Q: Could you describe your feelings when you learned that President Bush had ordered U.S. and coalition forces to begin Kuwait's liberation?

A: That particular moment I remember very well: "The liberation of Kuwait has begun." That announcement brought tears of joy and tears of fear and tears of sadness and tears of uncertainty.

Just remembering that brings those feelings back. By that time, I was teaching at the College of William and Mary. I had rejoined my wife and two daughters in November. But I still had my father and mother, sisters and brother, and many other relatives and friends in Kuwait. And I wasn't sure how this war would end. Yet I was totally for Kuwait's liberation. For the first time, I felt hope.

Q: When were you able to return to Kuwait?

A: My first trip back was in mid-March 1991 on the Freedom Flight. It had leading members of Congress, members of the U.S. cabinet and the Kuwaiti ambassador (Saud Al-Sabah).

It was a very sad scene. The smoke was like huge, fast-moving clouds above the whole country. Once we got beneath those black, dirty clouds, we started to see the fires. Hundreds of them. Huge fires. They seemed to cover the whole country. All we could see was smoke and blackness and fires.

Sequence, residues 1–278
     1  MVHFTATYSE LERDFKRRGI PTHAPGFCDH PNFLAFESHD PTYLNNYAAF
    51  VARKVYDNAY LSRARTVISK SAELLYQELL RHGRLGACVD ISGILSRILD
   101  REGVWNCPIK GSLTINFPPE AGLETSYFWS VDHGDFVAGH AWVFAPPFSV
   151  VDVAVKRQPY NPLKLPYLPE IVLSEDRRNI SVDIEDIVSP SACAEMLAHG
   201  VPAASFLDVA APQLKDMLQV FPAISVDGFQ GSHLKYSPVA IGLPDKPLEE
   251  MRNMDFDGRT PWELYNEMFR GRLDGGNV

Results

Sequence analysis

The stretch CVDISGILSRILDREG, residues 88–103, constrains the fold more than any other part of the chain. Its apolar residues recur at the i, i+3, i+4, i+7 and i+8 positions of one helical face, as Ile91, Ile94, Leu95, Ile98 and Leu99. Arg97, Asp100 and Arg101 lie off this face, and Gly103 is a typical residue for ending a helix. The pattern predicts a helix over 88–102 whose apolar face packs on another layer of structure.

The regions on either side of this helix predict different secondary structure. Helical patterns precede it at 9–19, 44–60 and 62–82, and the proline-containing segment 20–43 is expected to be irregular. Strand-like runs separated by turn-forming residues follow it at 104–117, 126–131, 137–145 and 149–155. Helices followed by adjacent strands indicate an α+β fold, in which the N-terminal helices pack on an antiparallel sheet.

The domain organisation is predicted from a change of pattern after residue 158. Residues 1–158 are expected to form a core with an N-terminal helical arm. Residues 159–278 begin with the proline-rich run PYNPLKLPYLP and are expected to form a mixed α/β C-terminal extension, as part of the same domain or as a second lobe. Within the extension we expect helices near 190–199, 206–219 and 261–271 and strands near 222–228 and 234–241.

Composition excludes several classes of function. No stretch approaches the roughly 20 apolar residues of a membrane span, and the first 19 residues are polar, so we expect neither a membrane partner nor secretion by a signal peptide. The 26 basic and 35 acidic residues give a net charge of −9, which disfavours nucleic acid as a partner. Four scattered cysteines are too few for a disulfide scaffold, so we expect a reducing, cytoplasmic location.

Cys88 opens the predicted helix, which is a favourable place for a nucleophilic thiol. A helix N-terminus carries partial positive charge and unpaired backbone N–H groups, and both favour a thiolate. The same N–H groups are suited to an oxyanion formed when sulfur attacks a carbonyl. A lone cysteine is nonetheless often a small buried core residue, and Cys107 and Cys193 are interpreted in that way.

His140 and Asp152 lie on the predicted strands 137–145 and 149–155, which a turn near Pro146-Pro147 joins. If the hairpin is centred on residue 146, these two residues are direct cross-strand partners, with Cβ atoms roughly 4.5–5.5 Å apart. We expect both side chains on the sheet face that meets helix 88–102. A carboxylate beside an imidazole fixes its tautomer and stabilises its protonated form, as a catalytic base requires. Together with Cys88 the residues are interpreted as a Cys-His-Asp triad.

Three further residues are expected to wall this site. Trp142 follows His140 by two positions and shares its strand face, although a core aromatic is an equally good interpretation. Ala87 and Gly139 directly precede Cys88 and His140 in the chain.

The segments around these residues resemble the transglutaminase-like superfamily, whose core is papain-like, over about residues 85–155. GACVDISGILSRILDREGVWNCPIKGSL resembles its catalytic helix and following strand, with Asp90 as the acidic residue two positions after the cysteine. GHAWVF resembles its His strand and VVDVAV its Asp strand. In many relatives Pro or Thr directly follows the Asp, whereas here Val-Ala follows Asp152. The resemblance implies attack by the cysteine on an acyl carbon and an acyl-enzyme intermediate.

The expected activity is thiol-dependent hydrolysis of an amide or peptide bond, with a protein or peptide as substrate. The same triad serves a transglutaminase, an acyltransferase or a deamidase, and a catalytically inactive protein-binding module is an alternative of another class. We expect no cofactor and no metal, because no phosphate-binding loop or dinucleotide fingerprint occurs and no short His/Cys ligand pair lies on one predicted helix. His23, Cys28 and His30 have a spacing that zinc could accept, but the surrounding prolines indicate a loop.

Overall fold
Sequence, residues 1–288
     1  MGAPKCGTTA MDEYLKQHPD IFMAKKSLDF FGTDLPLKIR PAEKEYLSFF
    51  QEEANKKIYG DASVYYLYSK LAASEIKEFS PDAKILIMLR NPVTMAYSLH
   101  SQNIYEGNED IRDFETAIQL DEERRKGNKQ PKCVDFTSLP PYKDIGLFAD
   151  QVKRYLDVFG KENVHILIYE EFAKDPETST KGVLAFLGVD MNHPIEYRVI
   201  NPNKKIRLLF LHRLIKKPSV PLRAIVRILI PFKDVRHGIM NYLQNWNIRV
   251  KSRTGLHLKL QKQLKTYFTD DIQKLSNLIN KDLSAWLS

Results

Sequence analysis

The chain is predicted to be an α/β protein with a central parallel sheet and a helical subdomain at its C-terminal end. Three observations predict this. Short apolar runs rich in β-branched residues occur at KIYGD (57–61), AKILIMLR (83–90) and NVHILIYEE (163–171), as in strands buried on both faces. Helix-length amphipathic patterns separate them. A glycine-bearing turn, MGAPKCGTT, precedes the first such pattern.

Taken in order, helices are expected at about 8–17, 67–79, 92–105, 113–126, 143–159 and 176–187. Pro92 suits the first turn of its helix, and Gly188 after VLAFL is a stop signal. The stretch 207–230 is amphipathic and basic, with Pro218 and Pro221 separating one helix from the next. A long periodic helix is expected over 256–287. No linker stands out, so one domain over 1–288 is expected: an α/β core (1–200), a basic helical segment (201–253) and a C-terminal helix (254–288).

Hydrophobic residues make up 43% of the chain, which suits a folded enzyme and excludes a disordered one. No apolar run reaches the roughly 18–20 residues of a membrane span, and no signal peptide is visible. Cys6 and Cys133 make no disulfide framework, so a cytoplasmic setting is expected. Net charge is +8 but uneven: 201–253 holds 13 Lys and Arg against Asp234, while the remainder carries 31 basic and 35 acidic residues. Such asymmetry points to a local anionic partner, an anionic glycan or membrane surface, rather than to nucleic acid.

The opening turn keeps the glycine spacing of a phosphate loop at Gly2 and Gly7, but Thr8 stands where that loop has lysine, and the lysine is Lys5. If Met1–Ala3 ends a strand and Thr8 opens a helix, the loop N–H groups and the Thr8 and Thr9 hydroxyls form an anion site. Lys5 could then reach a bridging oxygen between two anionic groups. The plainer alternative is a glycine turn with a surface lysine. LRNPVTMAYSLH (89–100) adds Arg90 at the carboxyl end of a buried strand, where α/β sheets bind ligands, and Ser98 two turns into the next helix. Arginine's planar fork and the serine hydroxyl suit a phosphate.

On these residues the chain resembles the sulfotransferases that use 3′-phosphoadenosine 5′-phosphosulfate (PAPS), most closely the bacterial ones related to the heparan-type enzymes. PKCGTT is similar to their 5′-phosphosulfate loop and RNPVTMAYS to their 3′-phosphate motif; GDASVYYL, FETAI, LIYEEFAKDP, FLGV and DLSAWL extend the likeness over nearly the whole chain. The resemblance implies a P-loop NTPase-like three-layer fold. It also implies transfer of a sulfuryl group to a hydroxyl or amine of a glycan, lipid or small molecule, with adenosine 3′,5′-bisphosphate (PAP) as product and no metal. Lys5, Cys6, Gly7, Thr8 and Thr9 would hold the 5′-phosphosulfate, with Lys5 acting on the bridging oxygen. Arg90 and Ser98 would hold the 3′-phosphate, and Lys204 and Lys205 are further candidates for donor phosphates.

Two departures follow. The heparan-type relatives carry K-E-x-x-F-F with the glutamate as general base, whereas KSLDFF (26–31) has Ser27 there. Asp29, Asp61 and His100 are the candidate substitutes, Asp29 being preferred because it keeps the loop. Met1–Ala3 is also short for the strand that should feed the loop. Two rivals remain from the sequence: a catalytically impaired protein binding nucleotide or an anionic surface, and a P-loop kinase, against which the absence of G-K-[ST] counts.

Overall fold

It was a scene from hell. And that told us a lot of what went on. And it spoke a lot about the state of mind of Saddam Hussein.

Q: What would Kuwait be like today if the United States and those many other nations had not come to Kuwait's defense?

A: There would be no Kuwait. It would not be a country. It would be forgotten in history. It would be just a small Iraqi village, a place totally ruined. It would have no culture, no meaning, no history. It would be lost to a regime that values no civilization, no culture, no humanity.

Q: Do Kuwaitis today feel a closer bond to the United States because of the war?

A: They do. That bond was established in 1990. It continues to be there, and it is a bond that comes out of a mutual experience of facing a kind of regime that is against Kuwaitis, Saudis and Americans.